As Congress holds hearings on military handling of criminal trials, proposal would take cases out of chain of command

Investigation

FORT HOOD, Texas (NewsNation Now) — Nearly a year after the gruesome death of Vanessa Guillen and after an independent review revealed widespread failures in investigations at Fort Hood, congressional hearings this week are focusing on problems with criminal investigations in the military at large.

“The Fort Hood Independent Review Committee’s report is a stinging repudiation of the Army Criminal Investigation Division (CID),” said Rep. Jackie Speier (D-CA), who has been focused on these issues for over a decade.  

The Armed Services Committee heard testimony from the members of the Fort Hood committee about their findings and recommendations Tuesday.

The independent review committee found the Fort Hood CID was treated like a training ground for young, inexperienced agents. Members also identified issues related to inexperience, resources, staffing methods, and the overall CID business model.

“Agents were checklist driven, focused on developing a case file that simply checked the boxes rather than identifying and working leads and suspects that are most likely to resolve cases,” committee member Chris Swecker said.

“There were simply too few, few journeyman level agents to work the complex crimes cases, death cases, while still mentoring the large number of inexperienced and uncredentialed special agents who were constantly transferring in and out there was minimal continuity and institutional knowledge within CID,” Swecker said.

Representatives from the military presented their positions as well, becoming contentious at times. Among programs they’ve proposed so far is creating a mentorship program for female soldiers and a new sexual assault program.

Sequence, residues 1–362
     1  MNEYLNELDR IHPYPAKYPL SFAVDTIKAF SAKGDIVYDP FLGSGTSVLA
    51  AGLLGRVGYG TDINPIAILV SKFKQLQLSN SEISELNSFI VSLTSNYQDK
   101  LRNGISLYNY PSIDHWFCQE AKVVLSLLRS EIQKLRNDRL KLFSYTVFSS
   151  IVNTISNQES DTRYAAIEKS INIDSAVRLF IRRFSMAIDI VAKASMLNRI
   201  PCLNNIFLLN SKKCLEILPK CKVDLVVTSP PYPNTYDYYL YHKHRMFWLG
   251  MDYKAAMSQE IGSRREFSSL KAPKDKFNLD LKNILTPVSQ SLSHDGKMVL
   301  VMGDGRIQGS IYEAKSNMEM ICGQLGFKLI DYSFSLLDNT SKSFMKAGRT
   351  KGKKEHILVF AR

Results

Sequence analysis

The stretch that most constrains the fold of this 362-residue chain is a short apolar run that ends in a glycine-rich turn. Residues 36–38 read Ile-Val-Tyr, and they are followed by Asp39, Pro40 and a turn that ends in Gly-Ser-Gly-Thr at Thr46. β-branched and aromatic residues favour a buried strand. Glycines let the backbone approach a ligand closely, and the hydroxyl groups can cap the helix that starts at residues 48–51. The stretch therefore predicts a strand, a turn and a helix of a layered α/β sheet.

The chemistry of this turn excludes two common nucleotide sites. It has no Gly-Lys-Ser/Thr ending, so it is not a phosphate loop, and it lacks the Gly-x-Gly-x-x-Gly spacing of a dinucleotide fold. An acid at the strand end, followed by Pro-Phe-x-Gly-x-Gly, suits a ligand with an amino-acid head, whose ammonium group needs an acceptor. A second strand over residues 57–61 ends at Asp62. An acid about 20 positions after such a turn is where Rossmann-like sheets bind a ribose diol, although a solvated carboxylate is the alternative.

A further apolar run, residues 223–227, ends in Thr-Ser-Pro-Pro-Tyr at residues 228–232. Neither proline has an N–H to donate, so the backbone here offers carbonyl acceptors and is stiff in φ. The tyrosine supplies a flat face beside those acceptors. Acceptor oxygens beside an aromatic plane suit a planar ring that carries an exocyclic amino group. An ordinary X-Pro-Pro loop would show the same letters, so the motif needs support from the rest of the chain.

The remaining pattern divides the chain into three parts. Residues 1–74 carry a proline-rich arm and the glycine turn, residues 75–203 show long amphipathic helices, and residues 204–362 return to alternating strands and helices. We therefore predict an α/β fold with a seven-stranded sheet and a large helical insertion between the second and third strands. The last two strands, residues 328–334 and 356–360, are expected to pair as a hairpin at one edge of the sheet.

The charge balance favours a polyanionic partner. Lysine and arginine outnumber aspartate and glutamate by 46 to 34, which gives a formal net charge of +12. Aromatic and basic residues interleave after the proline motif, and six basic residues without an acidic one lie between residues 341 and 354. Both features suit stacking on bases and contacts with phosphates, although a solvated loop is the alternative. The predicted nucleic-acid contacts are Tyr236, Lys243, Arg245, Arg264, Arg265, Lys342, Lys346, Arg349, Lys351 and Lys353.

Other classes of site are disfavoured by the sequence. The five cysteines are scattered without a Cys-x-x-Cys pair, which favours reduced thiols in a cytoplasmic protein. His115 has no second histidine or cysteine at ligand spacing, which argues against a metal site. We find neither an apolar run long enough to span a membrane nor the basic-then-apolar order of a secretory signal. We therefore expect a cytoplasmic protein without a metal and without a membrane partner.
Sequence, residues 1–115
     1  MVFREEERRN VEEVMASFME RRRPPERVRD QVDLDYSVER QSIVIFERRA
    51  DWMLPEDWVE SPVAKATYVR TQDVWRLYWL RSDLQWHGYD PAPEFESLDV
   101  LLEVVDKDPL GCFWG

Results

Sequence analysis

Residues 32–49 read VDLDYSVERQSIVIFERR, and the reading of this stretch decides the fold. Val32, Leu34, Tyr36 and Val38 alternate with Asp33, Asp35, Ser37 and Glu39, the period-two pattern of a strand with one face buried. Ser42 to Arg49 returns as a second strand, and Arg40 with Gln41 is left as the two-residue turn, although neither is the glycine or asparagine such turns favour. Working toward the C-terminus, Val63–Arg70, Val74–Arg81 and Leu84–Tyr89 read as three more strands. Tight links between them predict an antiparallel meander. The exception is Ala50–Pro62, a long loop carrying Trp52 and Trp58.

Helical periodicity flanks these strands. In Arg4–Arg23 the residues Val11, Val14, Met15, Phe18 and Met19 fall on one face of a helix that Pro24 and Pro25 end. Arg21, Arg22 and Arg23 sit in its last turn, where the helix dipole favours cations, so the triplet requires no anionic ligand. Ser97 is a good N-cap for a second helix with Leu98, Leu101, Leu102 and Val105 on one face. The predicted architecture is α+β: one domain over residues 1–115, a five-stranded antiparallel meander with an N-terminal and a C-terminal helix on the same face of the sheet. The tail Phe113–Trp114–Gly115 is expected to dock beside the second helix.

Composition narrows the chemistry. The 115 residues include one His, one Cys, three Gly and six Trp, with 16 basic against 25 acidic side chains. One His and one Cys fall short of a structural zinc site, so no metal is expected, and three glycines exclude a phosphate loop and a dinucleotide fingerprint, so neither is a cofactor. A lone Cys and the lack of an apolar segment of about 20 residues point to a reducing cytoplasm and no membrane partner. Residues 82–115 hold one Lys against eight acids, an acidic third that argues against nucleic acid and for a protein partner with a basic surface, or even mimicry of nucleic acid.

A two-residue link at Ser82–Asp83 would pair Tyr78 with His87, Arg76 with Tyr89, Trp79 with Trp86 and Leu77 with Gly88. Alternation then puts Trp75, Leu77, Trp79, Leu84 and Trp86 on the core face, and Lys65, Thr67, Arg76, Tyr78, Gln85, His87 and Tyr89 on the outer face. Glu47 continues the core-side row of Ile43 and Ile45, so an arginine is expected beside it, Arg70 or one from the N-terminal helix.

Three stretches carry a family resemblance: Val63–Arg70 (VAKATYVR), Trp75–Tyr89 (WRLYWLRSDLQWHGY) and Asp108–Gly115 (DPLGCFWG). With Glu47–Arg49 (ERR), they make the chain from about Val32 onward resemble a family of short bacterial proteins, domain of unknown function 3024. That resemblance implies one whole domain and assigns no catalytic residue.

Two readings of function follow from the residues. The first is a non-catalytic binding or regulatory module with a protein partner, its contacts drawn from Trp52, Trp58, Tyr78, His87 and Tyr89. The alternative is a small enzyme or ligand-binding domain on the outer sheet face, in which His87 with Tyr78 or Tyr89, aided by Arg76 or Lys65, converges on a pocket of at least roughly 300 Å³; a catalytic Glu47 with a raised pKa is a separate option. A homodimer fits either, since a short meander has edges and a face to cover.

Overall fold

“I would say that it’s a good step… but I continue to hear the military spokespeople say the same thing, that they now know there’s a problem and they’re going to do better,” said U.S. Army sexual assault victims advocate Amy Franck.

While Franck said the hearings are informative, given the number of sexual assaults, suicides and murders, it’s time to take investigations out of the CID and the chain of command. 

Taking prosecutions out of the hands of the military is something Congresswoman Speier has been fighting for as well, through measures including the I Am Vanessa Guillen Act.

Speier said the measure works to ensure there is no retaliation for reports, victims are represented by counsel and compensated for any injury, and those who are in authority are held accountable.

For Speier, the core of the issue is sexual assaults in the military are not handled like crimes. 

“They’re handled as if it has something to do with discipline within the military and therefore should be subject to the chain of command,” Speier said. “Except that their crimes… have now grown to be murders in many cases or murder-suicides.”

Speier said it should be up to professional prosecutors to decide whether a case should move forward instead of military brass.

“What happens is you have a conflicted chain of command because oftentimes the chain of command is the perpetrator, or is a friend of the perpetrator, or the chain of command is concerned about promotions,” Speier said.

Congresswoman Speier said between the hearings and the I Am Vanessa Guillen Act she introduced, she is hopeful there will be change coming.

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